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Speech in the Schools

Articulation Therapy: Inner Voice Recordings

Published January 12, 2017 9:14 AM by Teresa Roberts
I've had orthodontia for most of my life and still wear a retainer at night. When I was in grade school, I had a palate expander to change the shape of my mouth. A strong wire was connected to the back molars that exerted pressure on the hard palate. This was some time ago, when only an orthodontist could adjust a palate expander. I had periodic visits and the adjustments were substantial, not incremental. After the appointments, I would sit on the floor in my bedroom and cry from the pain.

When the palate expander was first installed, it affected my speech and caused a lisp. At school, other children commented and made less than flattering imitations of my speech. I remember thinking to myself, "This is not okay. This is not how I talk." That afternoon, I made a plan. I had a tongue twister book that my aunt had given to me. I read the different tongue twisters out loud to myself until I could speak the way that I used to speak. I think that I read aloud for over an hour, continually adjusting how I was moving my tongue. It's only now, as an adult, that this vignette seems prescient for my future career.

My experience was rehabilitative - not habilitative. Rehabilitative services address skills that were previously mastered and lost. Habilitative services help children meet developmental milestones. I had already met developmental milestones and was able to produce all sounds correctly in all positions. I knew what my speech sounded like prior to the dental appliance. I understood my targets. I wanted to regain something that I had lost.

For children who have developmental speech sound disorders, they have only ever heard themselves producing approximations of adult targets, possibly using a variety of compensatory strategies. They don't have auditory memories (inner voice recordings) of themselves saying sounds correctly. Sometimes they recognize that their speech is different from their peers, but sometimes they don't. Articulation therapy may involve giving clients a new internal recording that they can use as a target.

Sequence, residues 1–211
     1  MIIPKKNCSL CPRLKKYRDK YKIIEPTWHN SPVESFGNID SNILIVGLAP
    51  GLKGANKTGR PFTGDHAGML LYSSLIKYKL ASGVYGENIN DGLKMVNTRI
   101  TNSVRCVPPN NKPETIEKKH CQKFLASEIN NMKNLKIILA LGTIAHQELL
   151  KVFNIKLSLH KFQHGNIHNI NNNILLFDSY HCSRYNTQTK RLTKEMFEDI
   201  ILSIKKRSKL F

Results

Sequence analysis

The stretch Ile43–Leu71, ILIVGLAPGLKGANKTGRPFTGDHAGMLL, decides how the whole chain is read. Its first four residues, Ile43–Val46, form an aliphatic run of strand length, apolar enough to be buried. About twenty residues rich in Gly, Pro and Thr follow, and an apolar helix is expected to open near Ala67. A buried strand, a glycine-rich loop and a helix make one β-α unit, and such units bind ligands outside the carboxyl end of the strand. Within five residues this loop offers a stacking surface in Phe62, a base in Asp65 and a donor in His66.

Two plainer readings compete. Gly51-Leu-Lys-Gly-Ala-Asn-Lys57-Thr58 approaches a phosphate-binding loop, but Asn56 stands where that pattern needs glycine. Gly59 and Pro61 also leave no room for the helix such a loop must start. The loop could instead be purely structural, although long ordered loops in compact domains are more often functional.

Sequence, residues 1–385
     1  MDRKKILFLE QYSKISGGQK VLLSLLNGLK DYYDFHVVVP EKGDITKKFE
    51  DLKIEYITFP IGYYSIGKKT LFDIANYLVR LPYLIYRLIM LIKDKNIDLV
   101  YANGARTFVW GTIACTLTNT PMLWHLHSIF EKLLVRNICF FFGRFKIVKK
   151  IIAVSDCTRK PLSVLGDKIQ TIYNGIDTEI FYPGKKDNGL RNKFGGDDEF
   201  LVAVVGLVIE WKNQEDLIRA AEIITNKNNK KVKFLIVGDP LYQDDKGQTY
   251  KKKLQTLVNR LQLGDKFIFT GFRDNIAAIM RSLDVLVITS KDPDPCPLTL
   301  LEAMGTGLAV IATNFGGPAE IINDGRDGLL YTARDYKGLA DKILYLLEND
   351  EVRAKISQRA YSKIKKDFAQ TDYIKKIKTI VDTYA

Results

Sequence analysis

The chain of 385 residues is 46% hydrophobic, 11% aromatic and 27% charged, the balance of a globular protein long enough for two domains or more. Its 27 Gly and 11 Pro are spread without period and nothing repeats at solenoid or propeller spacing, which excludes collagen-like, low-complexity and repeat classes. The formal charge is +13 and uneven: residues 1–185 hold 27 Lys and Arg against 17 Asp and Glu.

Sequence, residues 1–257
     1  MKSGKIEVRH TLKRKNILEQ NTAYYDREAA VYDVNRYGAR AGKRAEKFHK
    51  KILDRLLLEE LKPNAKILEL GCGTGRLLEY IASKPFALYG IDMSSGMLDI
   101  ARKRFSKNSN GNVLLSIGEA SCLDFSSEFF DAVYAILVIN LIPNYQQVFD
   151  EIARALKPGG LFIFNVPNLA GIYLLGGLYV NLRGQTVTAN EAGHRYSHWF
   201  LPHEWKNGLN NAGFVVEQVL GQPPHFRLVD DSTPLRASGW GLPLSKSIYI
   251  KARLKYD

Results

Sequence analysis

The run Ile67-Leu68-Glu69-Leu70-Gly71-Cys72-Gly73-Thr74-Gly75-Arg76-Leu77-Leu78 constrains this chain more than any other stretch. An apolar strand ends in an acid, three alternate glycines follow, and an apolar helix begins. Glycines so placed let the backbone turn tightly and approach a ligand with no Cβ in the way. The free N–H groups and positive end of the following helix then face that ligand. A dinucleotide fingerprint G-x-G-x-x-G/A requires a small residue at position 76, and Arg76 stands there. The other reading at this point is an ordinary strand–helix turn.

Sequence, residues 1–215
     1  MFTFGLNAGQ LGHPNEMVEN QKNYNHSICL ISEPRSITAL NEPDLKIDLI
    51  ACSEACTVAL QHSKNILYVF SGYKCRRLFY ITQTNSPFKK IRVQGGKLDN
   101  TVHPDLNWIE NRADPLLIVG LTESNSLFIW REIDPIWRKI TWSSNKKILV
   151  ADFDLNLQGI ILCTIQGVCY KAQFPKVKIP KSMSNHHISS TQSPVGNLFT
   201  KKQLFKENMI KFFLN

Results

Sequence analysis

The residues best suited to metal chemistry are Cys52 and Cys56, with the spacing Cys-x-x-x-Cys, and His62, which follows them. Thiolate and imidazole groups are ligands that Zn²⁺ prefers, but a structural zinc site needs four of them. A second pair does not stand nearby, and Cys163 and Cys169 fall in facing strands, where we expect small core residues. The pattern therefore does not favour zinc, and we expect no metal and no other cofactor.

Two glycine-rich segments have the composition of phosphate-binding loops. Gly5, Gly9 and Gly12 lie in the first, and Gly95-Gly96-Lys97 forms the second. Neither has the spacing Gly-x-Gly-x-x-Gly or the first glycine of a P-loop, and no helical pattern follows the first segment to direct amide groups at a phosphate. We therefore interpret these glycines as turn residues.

We can use actual and imaginary audio to help clients recognize when it is time to retain new inner voice recordings:

  • Audio-record the child's optimal productions and closest approximations
  • Have the child listen to recordings of the best productions multiple times
  • Compare and contrast recordings of optimal and less than optimal productions
  • Have the child pretend to turn on an imaginary recording device to capture optimal productions: "You are doing great! Tell your ears to start listening and tell your brain to remember what you hear."
  • Praise optimal productions using listening words: "That was amazing. Remember what you just said so you can hear it again in your head."
We have amazing auditory memories. Maybe we can start helping our clients focus their ability "to hear" themselves.

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About this Blog

    Speech in the Schools
    Occupation: School-based speech-language pathologists
    Setting: Traditional and specialized K-12 classrooms
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